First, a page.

Whereas Compiled Military Service Records assist in verifying veterans' place and dates of service, pension records provide us with coveted genealogical data. Pension benefits, established in 1789, originally were limited to invalid veterans of the war. In 1818 benefits were extended to those who had served for a minimum of nine months and to indigent persons who had served to the war's close.
Birth records, marriage certificates and depositions from family, friends and fellow servicemen may be discovered with a patriot's pension application. Microfilm M804, Revolutionary War Pension and Bounty-Land Warrant Application Files, contains complete copies of soldiers' files; whereas, M805, Selected Records From Revolutionary War Pension and Bounty-Land Warrant Application Files, contains documents selected for limited research. Order both publications by mail using NATF Form 85 or online through the National Archives. HeritageQuest also offers free digitized copies.
The records of the Continental Congress, accessible through NARA RG360 or footnote.com, have additional information on pensioners. Reference index to the Papers of the Continental Congress 1774-1789, using Family History Library (FHL), Vol. 1-3, film #1035704; and Vol. 4-5, film #1035705.
The exorbitant costs of the war prevented the government from offering money for service, but land was set aside for veterans. Bounty Land was offered by both federal and state governments. Federal Bounty Land applications and warrants are found in publication M804 or through ancestry.com and footnote.com. Many soldiers sold their warrants and never actually lived on the land. A good source for state land grant information is Revolutionary War Bounty Land Grants Awarded by State Governments, by Lloyd DeWitt Bockstruck.
Daughters of the American Revolution (DAR) or Sons of the American Revolution (SAR) searches are helpful when researching a veteran with a common name. You may be able to find a familiar family group already linked to your ancestor. Member applications provide birth, marriage dates, patriot's service, and descendants' names. If an application lacks proof of evidence, it is recommended you verify all sources. DAR and SAR charge $6.00/day for non-members to search applications online and a $10.00 fee to print each.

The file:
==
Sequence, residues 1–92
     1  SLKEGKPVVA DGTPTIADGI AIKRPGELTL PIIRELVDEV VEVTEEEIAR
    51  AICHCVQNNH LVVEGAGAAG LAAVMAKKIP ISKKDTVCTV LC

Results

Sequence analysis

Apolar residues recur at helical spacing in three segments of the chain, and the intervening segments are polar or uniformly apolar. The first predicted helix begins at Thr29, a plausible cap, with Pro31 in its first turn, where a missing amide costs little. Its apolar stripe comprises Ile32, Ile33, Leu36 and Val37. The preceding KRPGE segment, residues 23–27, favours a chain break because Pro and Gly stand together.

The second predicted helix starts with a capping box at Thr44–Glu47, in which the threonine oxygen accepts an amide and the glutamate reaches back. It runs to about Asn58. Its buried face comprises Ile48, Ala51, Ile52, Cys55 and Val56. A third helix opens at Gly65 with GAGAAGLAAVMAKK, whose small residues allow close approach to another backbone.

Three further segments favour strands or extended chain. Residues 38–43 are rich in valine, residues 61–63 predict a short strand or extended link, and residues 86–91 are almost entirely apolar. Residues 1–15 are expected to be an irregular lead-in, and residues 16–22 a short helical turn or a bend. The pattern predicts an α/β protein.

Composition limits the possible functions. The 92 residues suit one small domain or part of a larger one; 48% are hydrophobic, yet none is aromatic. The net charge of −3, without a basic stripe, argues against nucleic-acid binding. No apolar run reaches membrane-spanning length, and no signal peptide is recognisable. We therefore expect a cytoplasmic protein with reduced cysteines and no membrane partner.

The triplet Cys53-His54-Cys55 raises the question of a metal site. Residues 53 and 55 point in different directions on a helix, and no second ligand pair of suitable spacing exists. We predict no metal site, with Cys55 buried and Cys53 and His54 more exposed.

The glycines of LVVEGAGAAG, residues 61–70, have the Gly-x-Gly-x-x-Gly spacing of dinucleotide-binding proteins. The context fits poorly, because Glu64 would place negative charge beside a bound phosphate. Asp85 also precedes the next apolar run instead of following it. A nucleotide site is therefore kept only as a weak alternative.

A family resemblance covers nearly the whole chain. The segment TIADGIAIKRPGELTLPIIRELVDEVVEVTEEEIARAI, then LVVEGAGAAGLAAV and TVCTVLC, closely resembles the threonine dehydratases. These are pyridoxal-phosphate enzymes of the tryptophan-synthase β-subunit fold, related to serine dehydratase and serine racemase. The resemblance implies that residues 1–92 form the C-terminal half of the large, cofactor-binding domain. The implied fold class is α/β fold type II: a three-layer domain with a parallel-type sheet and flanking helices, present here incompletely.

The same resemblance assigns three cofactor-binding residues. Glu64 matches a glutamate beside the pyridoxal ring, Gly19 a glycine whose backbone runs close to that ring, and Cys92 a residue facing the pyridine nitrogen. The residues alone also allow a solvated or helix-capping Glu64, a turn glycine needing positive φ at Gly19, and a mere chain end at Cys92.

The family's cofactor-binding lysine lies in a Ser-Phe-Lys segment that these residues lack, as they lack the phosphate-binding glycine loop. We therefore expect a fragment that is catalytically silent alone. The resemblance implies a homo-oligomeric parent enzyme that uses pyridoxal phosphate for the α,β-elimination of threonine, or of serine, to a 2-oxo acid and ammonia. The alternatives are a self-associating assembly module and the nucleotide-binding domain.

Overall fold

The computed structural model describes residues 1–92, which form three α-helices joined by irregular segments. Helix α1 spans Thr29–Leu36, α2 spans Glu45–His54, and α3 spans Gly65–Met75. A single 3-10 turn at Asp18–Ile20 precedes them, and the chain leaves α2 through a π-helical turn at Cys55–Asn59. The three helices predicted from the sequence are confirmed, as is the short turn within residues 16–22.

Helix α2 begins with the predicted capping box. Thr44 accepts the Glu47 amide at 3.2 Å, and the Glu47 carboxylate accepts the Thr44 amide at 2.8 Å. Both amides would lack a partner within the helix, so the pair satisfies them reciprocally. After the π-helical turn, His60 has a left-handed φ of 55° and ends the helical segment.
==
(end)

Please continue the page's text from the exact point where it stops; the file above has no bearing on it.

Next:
If you have yet to find any federal or state war service, perhaps your ancestor was one of 30,000 German mercenaries who fought with the British military. Muster rolls and prisoner of war lists in American archival collections pertaining to the German mercenary troops who served with the British forces during the American Revolution, by Clifford Neal Smith, provides more information.
One third of the colony's population, Loyalists and Tories, was sympathetic to Great Britain and continued to support the crown. Although some Loyalists were pacifists and did not support the war, others enlisted in the British military, or a Loyalist militia. Loyalists' property was often confiscated, plus they faced charges of treason by the colonies. Due to the severity of their persecution, many switched sides during the war or left the states. Reference Research Guide to Loyalist Ancestors: A Directory to Archives, Manuscripts, Published and Electronic Sources by Paul J. Bunnell.
An "Oath of Allegiance" was implemented to prove fidelity to the new nation. Often Tories refused to take the "Oath of Allegiance." State Archives or State Historical Societies will have more information on Tories and indexes of those who took the "Oath of Allegiance." Reference The American Tory, by William H. Nelson.